Tahoe Film Fest returns to North Shore
Special to Prospector
The 6th annual Tahoe Film Fest will return for 2020, despite looking a bit different with an auidence wearing masks, the festival that highlights inspiring, award-winning films and is known for showing captivating environmental, American and International Independent films will return to the Incline Village Cinema and the Crystal Bay Club starting Thursday.
The festival goes from Dec. 3-6.
When the Tahoe Film Festival Director, Robert Roussel secured the 27 films for the festival in late July of this year, COVID-19 cases had decreased and Roussel said that “things were doing okay”.
Movie theaters, salons and restaurants were open at limited capacity, but still open to the public.
“Everything was on track until late October,” he said. COVID-19 cases began to increase once again. Due to California’s regulations regarding COVID-19, NorthStar Cinema which was one of the venues for the film fest, is now temporarily closed.
Between Incline Village Cinema and the Crystal Bay Club, 21 films will be shown this year. Purple Mountains directed by Josh “Bones” Murphy, is one of the much anticipated films being shown Dec. 3 at the Incline Village Cinema.
Purple Mountains follows professional snowboarder and mountaineer Jeremy Jones on his journey to find a common ground with people of diverse political backgrounds while finding key uniting shared values.
In a mission to bring attention to climate change, Jones first tries to understand people’s hopes and fears surrounding it.
Jones plans to be in attendance of the showing of this film.
Other outdoor, environmental films include Solving for Z, Akashinga: The Brave Ones, The New West and the Politics of the Environment and Gunda.
Other films include Parasite, Critical Thinking, Citizen Penn, Ema, Sibyl, Shirley, Clemency, Monsters & Men, and The Cave.
The festival will also be showing several films about prominent musicians including Ella Fitzgerald: Just One of Those Things, Billie, The Gift: The Journey of Johnny Cash, Laurel Canyon: A Place in Time, Miles Davis: The Birth of Cool, Jimmy Carter: Rock & Roll President.
While the Incline Village Cinema and Crystal Bay Club Casino Crown Room are still open, they are operating at 25% capacity. Both venues are allowing up to 50 people inside.
The Crystal Bay Club Casino Crown Room has capacity for 750 people, but they are erring on the side of safety and will be allowing 50 people for extra space.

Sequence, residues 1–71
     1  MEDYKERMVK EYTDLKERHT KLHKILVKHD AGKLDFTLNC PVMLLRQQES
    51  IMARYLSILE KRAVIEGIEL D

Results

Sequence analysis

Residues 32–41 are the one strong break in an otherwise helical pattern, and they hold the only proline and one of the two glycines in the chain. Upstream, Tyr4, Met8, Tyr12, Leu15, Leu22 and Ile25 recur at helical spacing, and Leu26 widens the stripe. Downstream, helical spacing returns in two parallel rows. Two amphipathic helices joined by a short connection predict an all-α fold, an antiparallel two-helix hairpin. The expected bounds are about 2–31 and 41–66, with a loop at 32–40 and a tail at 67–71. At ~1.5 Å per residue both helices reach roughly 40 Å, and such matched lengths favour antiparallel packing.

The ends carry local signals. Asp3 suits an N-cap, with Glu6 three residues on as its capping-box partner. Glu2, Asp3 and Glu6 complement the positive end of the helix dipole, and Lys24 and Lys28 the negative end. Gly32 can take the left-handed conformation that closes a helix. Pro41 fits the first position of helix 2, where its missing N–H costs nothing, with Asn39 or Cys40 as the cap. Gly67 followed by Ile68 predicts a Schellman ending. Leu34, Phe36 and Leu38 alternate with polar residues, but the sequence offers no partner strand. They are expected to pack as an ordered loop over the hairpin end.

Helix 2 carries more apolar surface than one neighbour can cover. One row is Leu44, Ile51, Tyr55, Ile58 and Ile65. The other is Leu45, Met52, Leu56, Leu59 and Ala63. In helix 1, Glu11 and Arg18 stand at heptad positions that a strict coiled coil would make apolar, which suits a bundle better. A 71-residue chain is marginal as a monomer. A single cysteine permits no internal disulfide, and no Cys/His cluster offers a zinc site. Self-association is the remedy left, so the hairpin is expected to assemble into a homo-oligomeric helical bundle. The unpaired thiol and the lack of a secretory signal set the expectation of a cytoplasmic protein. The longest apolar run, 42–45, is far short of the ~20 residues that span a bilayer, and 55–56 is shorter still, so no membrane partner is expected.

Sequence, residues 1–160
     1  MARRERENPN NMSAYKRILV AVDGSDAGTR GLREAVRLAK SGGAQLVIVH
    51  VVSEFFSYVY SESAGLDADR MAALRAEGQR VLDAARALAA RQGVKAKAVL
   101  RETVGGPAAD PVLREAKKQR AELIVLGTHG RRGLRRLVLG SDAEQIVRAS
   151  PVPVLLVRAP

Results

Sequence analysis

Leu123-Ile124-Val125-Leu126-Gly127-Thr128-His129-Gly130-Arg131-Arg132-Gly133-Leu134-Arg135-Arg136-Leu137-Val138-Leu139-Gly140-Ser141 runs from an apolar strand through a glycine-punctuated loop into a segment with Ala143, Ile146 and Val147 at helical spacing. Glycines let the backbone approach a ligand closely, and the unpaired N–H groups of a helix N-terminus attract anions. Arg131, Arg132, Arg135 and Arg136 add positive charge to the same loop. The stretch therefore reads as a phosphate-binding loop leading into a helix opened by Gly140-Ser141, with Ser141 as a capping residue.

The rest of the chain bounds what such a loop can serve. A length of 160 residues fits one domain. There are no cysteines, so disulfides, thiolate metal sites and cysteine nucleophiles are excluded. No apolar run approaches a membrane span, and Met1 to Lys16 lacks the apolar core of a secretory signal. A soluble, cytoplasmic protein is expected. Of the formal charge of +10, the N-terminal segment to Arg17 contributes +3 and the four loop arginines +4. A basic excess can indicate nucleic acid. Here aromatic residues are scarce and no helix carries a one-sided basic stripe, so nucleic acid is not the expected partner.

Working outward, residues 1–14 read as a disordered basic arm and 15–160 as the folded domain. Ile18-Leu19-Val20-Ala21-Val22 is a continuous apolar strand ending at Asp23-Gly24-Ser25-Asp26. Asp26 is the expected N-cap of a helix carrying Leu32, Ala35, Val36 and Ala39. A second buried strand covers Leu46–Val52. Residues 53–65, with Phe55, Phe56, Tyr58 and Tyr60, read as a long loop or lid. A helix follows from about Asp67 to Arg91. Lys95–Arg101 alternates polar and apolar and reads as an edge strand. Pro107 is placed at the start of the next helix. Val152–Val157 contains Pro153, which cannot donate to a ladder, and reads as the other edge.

Roussel said that he thought Gov. Steve Sisolak was going to shut down operations again during Sunday’s press conference. “We were ready to postpone, but he didn’t so we are going forward,” said Roussel. “It is going to be very safe. Our priority is safety and guidelines are in place.”
Regulations will include masks, social-distancing and there will be contactless check-in at the box office. Temperatures will also be taken upon entry.
The 6 films that were to be screened at the NorthStar Cinema, will be part of Tahoe Film Fest’s upcoming virtual, “Best of the Best” showing. It will include the past ‘best’ films along with the 6 films that were not shown during the festival which include Blood on the Wall, That’s Wild, Rebuilding Paradise, Nomad: In the Footsteps of Bruce Chatwin, Public Trust, and Kiss the Ground.
Tickets can be purchased individually for each film, or purchase an All Access Pass for $50.
Tahoe Film Fest ticket sales go towards science research and education at U.C. Davis Tahoe Environmental Research Center.
Online ticket sales end at midnight the night before each film’s showing.
Tickets will be available each day at the theater box offices 30 minutes prior to the start of each film as long as seats are available.
There will be no refunds, however, if the festival is postponed due to COVID, all tickets will be honored at the rescheduled event.
Check the Tahoe Film Fest Event Facebook Page for ticket availability updates during the festival. For more information, visit tahoefilmfest.com.
Cheyanne Neuffer is a reporter for the Tahoe Daily Tribune, a sister publication of The Union and Prospector.
Support Local Journalism
Support Local Journalism
Readers around Grass Valley and Nevada County make The Union’s work possible. Your financial contribution supports our efforts to deliver quality, locally relevant journalism.
Now more than ever, your support is critical to help us keep our community informed about the evolving coronavirus pandemic and the impact it is having locally. Every contribution, however large or small, will make a difference.
Your donation will help us continue to cover COVID-19 and our other vital local news.
Start a dialogue, stay on topic and be civil.
If you don't follow the rules, your comment may be deleted.
User Legend: Moderator Trusted User